She said the earliest reference to human rights, or les droits de l'homme, she has found appears in Rousseau's The Social Contract (1762). But Diderot evoked the self-evidence of what he referred to as "natural rights" in 1755, she added. (Diderot, however, did not promote natural rights as universal and equal.)

In any case, sometime during the 1750s and 1760s the concept of human rights began to seem self-evident, Hunt said. This was an important development: As Hunt noted in her opening remarks, human rights are the lingua franca of modern political discourse. "They constitute one of the few widely shared moral and political foundations for secular authority," she said. She asserted that while many governments do not explicitly make the protection of human rights grounds for legitimacy, human rights provide the criteria by which other governments generally judge legitimacy.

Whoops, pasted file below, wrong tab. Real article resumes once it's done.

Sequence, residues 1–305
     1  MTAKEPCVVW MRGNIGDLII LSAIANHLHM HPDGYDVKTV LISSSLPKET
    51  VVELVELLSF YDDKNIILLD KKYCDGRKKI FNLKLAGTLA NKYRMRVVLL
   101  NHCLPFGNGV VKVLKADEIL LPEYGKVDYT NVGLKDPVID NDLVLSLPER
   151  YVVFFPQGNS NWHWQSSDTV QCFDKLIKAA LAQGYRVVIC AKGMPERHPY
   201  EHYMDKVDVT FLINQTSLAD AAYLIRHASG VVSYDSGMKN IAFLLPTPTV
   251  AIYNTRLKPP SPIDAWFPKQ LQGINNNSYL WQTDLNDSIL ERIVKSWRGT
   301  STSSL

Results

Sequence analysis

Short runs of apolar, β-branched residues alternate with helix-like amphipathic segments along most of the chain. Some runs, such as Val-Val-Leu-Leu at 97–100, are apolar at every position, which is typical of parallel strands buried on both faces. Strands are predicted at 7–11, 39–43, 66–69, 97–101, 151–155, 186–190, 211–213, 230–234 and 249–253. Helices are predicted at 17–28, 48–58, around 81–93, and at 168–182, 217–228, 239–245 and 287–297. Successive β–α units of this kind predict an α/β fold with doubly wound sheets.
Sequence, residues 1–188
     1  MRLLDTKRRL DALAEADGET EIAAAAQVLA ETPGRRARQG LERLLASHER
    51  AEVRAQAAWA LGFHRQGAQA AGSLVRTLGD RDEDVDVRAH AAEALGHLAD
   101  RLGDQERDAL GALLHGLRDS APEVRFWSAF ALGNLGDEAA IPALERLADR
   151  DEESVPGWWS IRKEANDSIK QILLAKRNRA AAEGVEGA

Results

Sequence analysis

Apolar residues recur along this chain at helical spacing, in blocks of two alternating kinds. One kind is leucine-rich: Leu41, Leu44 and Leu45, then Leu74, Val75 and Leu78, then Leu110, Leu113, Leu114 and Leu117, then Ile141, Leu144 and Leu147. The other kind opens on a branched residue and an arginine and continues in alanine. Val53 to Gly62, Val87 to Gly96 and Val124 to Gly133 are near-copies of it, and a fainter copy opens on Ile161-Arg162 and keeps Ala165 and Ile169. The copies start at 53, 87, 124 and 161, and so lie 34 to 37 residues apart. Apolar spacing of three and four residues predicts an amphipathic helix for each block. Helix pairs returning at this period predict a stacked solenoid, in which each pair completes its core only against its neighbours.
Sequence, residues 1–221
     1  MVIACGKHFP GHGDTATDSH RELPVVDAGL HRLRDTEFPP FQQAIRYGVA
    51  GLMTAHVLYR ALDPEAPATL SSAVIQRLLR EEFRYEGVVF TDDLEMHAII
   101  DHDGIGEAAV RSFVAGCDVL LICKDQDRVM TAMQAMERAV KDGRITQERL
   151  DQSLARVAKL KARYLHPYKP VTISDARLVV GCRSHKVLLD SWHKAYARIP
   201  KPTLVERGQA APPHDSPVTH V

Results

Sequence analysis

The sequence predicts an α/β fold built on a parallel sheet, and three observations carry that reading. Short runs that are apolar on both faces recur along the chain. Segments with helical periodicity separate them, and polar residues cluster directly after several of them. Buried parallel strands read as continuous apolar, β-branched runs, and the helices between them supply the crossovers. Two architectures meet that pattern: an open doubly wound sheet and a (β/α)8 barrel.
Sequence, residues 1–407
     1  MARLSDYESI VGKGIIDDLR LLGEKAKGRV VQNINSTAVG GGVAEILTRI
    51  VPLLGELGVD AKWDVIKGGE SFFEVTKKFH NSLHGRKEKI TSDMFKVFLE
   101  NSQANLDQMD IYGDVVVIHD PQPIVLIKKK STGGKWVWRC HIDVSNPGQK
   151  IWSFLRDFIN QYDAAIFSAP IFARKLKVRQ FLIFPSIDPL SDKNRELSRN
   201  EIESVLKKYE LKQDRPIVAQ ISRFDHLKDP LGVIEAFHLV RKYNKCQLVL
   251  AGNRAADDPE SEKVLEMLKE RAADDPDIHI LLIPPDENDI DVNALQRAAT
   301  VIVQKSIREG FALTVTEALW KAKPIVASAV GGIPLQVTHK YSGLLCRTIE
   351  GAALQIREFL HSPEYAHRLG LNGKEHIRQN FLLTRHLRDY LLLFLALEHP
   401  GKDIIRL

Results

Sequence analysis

"Human rights are just about the only consideration that ever trumps national sovereignty," Hunt added.

The notion that such rights are self-evident appears later in many other treatises and documents, including the Universal Declaration of Human Rights adopted by the United Nations General Assembly in 1948. But what's strange about their so-called self-evidence, Hunt noted, is the obvious tautology on which this idea hinges; the self-evidence of human rights relies on believing in them.

Novels, of course, were not the only force that contributed to the emergence of human rights in the 18th century, Hunt said. Other factors included ongoing developments in legal notions of rights, new attitudes about the integrity of bodies and selves, and political revolutions. Human rights resulted from an intersection of these various developments, she said. But she argued that new forms of print culture, especially the novel, were important in promoting empathy between "separate selves."